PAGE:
– Pfc. Joshua Inserra, a signal support systems maintainer assigned to Communications–Electronics Research, Development and Engineering Center at APG. He is from Yerington, Nev., and has one year of service.
They began with the Army Physical Fitness Test, followed by weapons qualification at an ARL small-arms target range. RDECOM NCOs Sgt. Maj. William Tager and Sgt. 1st Class Chris Currie supervised the M-4 Rifle marksmanship test, as well as an M-240B Machine Gun function check that included loading, unloading and correcting malfunctions.
The participants will continue with tasks that examine their physical and mental abilities: a land-navigation course at Lauderick Creek Training Site, obstacle course at Gunpowder Military Reservation, Warrior tasks within training scenarios, 12-mile road march with 40-pound rucksack, essay and written exam, media interview and board appearance.
RDECOM Command Sgt. Maj. Lebert Beharie will preside over an awards ceremony March 30. The winners will advance to the Army Materiel Command NCO and Soldier of the Year competition.
ABERDEEN PROVING GROUND, Md. — The U.S. Army Research, Development and Engineering Command introduced its new senior noncommissioned officer to the community March 16.
Command Sgt. Maj. Lebert O. Beharie assumed duties as the leader of RDECOM’s enlisted Soldiers during a Change of Responsibility ceremony at the Post Theater. About 150 Soldiers and Army civilian employees welcomed Beharie to RDECOM and APG.
MARIN BIDS FAREWELL
Beharie takes over from Command Sgt. Maj. Hector Marin. The Army promoted Marin to the rank of command sergeant major in 1999, and he has served as RDECOM’s senior NCO since Aug. 5, 2007.
A native of Honduras who moved to New York City at age 10, Marin enlisted in September 1981. He described his journey from a child through his three decades as a Soldier stationed across the globe.
“My journey began a long time ago when I first got to this great country. I felt a sense of duty immediately,” Marin said. “I wanted to give back to this nation for what was given to me — an opportunity to get an education, an opportunity to live free in a democratic country, a place where opportunities to excel are endless, an opportunity to serve and sacrifice for the good of all citizens of this nation. I joined the Army as part of this sense of duty. I wanted to ensure those who came before me who may have lost their lives did not do so in vain.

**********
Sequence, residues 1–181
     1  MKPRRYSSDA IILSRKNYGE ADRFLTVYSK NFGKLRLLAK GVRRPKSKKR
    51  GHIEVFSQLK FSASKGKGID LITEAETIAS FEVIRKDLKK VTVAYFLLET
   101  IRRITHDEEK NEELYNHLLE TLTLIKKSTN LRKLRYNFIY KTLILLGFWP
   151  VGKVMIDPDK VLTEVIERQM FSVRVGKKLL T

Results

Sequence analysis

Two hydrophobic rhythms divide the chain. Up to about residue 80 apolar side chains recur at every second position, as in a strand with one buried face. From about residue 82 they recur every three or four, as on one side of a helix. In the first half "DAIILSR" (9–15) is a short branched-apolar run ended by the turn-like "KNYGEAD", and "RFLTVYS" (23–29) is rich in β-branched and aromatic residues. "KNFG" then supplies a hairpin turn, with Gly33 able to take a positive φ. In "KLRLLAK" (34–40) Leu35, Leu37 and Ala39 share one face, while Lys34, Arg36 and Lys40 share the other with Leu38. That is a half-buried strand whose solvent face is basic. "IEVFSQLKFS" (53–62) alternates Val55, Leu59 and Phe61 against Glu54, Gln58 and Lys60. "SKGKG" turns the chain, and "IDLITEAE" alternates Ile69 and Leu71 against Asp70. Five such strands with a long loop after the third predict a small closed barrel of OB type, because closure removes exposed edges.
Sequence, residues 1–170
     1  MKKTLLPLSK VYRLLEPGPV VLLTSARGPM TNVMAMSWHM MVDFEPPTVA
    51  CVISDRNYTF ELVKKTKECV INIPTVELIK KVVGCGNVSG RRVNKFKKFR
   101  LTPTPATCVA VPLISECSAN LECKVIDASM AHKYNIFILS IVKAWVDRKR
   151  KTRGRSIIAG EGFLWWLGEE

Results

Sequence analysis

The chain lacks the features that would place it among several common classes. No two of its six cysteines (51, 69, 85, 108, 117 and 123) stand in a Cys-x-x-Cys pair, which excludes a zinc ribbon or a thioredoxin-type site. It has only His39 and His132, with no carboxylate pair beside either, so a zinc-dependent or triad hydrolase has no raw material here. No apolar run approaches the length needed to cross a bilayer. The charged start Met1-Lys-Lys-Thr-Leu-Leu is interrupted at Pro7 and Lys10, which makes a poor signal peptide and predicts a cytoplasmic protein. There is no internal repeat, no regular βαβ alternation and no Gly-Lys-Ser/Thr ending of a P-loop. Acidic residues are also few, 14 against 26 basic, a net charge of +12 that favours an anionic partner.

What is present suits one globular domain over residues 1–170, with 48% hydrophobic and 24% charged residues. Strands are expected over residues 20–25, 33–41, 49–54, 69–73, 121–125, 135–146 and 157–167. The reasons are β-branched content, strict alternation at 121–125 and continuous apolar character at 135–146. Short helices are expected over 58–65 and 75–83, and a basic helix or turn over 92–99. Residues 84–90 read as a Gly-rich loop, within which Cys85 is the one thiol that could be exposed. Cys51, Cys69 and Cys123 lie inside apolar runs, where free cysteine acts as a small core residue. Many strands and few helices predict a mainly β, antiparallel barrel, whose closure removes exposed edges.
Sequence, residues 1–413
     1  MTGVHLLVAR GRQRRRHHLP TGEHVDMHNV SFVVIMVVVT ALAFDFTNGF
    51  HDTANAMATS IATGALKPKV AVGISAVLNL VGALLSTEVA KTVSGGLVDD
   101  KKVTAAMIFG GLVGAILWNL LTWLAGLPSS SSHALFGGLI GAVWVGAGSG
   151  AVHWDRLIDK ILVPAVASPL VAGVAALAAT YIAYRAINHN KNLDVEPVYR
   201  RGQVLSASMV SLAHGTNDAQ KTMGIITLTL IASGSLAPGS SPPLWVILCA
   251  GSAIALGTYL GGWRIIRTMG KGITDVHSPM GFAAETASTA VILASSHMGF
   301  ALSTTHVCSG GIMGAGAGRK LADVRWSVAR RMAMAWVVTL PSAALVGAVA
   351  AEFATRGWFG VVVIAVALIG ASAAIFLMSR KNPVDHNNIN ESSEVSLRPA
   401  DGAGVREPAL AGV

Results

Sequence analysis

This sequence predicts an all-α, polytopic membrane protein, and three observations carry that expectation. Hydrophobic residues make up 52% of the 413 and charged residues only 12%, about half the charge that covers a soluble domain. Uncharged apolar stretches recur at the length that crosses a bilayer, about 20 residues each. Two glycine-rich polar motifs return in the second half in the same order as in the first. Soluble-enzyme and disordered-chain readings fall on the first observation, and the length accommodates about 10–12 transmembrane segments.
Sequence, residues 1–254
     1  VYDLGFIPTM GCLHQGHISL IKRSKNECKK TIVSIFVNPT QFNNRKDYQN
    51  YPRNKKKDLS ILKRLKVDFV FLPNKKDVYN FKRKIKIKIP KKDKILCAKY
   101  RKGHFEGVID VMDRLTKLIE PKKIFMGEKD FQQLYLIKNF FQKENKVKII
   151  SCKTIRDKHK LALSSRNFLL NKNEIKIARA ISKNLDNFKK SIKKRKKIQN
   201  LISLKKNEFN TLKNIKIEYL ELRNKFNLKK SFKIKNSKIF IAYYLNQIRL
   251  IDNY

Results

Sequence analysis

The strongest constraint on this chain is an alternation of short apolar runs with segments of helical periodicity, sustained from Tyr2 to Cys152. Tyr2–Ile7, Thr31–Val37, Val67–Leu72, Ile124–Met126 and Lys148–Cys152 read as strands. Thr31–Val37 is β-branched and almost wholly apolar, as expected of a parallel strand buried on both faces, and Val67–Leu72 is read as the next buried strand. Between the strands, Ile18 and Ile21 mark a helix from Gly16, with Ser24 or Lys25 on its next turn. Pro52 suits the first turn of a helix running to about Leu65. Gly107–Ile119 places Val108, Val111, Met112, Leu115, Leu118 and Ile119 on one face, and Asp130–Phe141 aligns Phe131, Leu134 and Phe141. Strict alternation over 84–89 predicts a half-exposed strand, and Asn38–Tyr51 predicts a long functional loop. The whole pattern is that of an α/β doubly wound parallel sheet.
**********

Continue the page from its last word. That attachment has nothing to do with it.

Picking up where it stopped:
“As a young boy living in Honduras, I used to chase helicopters down the street. I was very fascinated by that piece of machinery. I always wondered, ‘How can something like that hang up in the sky and fly?’ So when I entered the United States and began my studies in New York, I had my eyes on becoming an aviator. Through hard work, perseverance and encouragement from family, I managed to meet the qualifications to enter the Army as an aviator. Here I am today.”
Marin thanked his fellow NCOs for their efforts to interact with RDECOM’s scientists and engineers to ensure the success of the command’s mission to empower, unburden and protect Soldiers.
“Since my arrival here, I quickly got engaged with our noncommissioned officers to ensure we understood our role in providing our engineers and scientists with relevant feedback to assist with the development of new technology and delivering it to the hands of Warfighters,” Marin said. “Our noncommissioned officers have a vital role in making sure that RDECOM is technology driven and always Warfighter focused.”
BEHARIE TAKES OVER AS SENIOR NCO
Beharie will lead the command’s 80 enlisted Soldiers at its APG headquarters and seven research centers with offices around the world. The command sergeant major serves as the principal adviser to the director in enlisted matters. He is responsible for the training, professional development, retention, readiness and discipline of Soldiers under his charge.
Beharie said he has been impressed by the passion of RDECOM scientists and engineers to support those in uniform.
“I have had some great opportunities to serve over my military career. However, serving as RDECOM sergeant major is a dream job,” Beharie said. “This organization and its professional workforce touch the lives of all the men and women in the Armed Forces, as well as our nation.